He had come upon Mrs. Enderby, Mrs. Glossop, Mrs. Taylor, and Mary. They were on foot, and seemed tired and excited. They came at once to the buggy and shook hands, and all spoke at once, and said eagerly and earnestly, how glad they were that he was come, and how fortunate it was. And Mrs. Enderby said, impressively:
"It looks like an accident, his coming at such a time; but let no one profane it with such a name; he was sent—sent from on high."
They were all moved, and Mrs. Glossop said in an awed voice:
"Sarah Enderby, you never said a truer word in your life. This is no accident, it is a special Providence. He was sent. He is an angel—an angel as truly as ever angel was—an angel of deliverance. I say angel, Sarah Enderby, and will have no other word. Don't let any one ever say to me again, that there's no such thing as special Providences; for if this isn't one, let them account for it that can."
"I know it's so," said Mrs. Taylor, fervently. "John Brown, I could worship you; I could go down on my knees to you. Didn't something tell you?—didn't you feel that you were sent? I could kiss the hem of your laprobe."
He was not able to speak; he was helpless with shame and fright. Mrs. Taylor went on:
"Why, just look at it all around, Julia Glossop. Any person can see the hand of Providence in it. Here at noon what do we see? We see the smoke rising. I speak up and say, 'That's the Old People's cabin afire.' Didn't I, Julia Glossop?"
"The very words you said, Nancy Taylor. I was as close to you as I am now, and I heard them. You may have said hut instead of cabin, but in substance it's the same. And you were looking pale, too."
"Pale? I was that pale that if—why, you just compare it with this laprobe. Then the next thing I said was, 'Mary Taylor, tell the hired man to rig up the team-we'll go to the rescue.' And she said, 'Mother, don't you know you told him he could drive to see his people, and stay over Sunday?' And it was just so. I declare for it, I had forgotten it. 'Then,' said I, 'we'll go afoot.' And go we did. And found Sarah Enderby on the road."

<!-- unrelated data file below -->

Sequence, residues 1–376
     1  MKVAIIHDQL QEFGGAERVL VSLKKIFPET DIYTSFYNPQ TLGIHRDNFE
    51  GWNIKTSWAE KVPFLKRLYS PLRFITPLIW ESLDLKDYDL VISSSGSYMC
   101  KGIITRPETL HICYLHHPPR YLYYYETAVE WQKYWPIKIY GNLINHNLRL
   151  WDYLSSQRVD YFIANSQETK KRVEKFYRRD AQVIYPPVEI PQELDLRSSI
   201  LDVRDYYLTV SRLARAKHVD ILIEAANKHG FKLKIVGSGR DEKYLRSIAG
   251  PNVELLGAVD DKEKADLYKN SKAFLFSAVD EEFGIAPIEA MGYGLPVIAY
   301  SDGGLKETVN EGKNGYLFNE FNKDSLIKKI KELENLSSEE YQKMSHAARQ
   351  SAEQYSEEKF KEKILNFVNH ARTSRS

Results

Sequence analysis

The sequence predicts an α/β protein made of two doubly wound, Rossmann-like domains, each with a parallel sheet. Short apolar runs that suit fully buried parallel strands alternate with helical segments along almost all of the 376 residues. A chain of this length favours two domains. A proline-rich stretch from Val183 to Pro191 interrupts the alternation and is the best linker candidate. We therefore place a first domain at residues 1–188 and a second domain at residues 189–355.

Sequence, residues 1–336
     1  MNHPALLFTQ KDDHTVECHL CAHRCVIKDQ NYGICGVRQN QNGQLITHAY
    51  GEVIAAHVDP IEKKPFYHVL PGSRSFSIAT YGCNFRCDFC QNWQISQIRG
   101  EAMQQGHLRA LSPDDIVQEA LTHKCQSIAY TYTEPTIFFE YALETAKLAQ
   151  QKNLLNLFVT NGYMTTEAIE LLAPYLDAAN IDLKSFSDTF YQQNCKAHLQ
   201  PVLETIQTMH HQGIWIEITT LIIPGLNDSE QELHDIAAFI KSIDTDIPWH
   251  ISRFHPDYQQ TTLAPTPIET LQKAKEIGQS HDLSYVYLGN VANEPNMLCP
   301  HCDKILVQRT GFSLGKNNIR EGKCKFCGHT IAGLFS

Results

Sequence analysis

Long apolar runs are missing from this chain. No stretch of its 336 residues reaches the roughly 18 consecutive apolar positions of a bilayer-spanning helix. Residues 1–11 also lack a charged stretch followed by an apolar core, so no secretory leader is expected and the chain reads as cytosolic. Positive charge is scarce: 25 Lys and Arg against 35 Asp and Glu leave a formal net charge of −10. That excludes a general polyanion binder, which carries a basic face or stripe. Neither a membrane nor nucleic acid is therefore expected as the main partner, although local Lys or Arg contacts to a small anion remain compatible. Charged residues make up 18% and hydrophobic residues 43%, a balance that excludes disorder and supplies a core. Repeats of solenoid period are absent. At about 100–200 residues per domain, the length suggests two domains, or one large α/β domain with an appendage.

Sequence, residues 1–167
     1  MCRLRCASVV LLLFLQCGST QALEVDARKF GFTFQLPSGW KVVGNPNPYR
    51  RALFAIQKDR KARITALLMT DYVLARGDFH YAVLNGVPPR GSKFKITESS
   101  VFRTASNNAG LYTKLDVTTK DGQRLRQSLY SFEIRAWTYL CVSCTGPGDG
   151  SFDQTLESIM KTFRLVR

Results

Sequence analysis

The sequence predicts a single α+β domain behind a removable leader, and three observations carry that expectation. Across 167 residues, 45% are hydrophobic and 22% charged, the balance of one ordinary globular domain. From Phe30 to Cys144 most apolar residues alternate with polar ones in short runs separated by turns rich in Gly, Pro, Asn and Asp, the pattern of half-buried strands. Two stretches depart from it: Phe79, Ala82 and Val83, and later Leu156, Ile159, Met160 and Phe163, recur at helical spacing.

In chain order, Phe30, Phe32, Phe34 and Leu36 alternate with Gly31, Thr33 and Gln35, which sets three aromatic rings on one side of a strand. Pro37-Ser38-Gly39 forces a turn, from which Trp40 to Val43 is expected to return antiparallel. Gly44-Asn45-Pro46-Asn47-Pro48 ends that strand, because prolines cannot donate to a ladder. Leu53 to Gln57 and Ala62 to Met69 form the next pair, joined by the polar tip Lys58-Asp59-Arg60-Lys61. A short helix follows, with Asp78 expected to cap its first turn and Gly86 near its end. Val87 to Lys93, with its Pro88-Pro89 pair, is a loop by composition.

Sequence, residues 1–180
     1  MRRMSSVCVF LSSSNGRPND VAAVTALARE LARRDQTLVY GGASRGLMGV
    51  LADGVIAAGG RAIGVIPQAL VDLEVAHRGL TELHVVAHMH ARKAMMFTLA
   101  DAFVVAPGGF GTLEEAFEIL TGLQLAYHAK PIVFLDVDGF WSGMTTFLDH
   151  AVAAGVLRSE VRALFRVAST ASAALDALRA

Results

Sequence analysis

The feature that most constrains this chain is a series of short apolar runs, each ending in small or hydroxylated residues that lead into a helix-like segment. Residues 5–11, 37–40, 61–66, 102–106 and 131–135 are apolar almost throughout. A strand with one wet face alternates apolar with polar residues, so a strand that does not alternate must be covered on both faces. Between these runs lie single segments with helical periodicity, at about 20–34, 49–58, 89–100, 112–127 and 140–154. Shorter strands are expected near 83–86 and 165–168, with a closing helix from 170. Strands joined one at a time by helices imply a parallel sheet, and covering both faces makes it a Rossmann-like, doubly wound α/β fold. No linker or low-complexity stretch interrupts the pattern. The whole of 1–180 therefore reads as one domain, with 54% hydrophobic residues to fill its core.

"And we all went together," said Mrs. Enderby. "And found the cabin set fire to and burnt down by the crazy one, and the poor old things so old and feeble that they couldn't go afoot. And we got them to a shady place and made them as comfortable as we could, and began to wonder which way to turn to find some way to get them conveyed to Nancy Taylor's house. And I spoke up and said—now what did I say? Didn't I say, 'Providence will provide'?"
"Why sure as you live, so you did! I had forgotten it."
"So had I," said Mrs. Glossop and Mrs. Taylor; "but you certainly said it. Now wasn't that remarkable?"
"Yes, I said it. And then we went to Mr. Moseley's, two miles, and all of them were gone to the camp meeting over on Stony Fork; and then we came all the way back, two miles, and then here, another mile—and Providence has provided. You see it yourselves."
They gazed at each other awe-struck, and lifted their hands and said in unison:
"It's per-fectly wonderful."
"And then," said Mrs. Glossop, "what do you think we had better do--let Mr. Brown drive the Old People to Nancy Taylor's one at a time, or put both of them in the buggy, and him lead the horse?"
"Now, then, that's a question," said Mrs. Enderby. "You see, we are all tired out, and any way we fix it it's going to be difficult. For if Mr. Brown takes both of them, at least one of us must, go back to help him, for he can't load them into the buggy by himself, and they so helpless."
"That is so," said Mrs. Taylor. "It doesn't look-oh, how would this do?—one of us drive there with Mr. Brown, and the rest of you go along to my house and get things ready. I'll go with him. He and I together can lift one of the Old People into the buggy; then drive her to my house and——
"But who will take care of the other one?" said Mrs. Enderby. "We musn't leave her there in the woods alone, you know—especially the crazy one. There and back is eight miles, you see."
They had all been sitting on the grass beside the buggy for a while, now, trying to rest their weary bodies. They fell silent a moment or two, and struggled in thought over the baffling situation; then Mrs. Enderby brightened and said:
"I think I've got the idea, now. You see, we can't walk any more. Think what we've done: four miles there, two to Moseley's, is six, then back to here—nine miles since noon, and not a bite to eat; I declare I don't see how we've done it; and as for me, I am just famishing. Now, somebody's got to go back, to help Mr. Brown—there's no getting around that; but whoever goes has got to ride, not walk. So my idea is this: one of us to ride back with Mr. Brown, then ride to Nancy Taylor's house with one of the Old People, leaving Mr. Brown to keep the other old one company, you all to go now to Nancy's and rest and wait; then one of you drive back and get the other one and drive her to Nancy's, and Mr. Brown walk."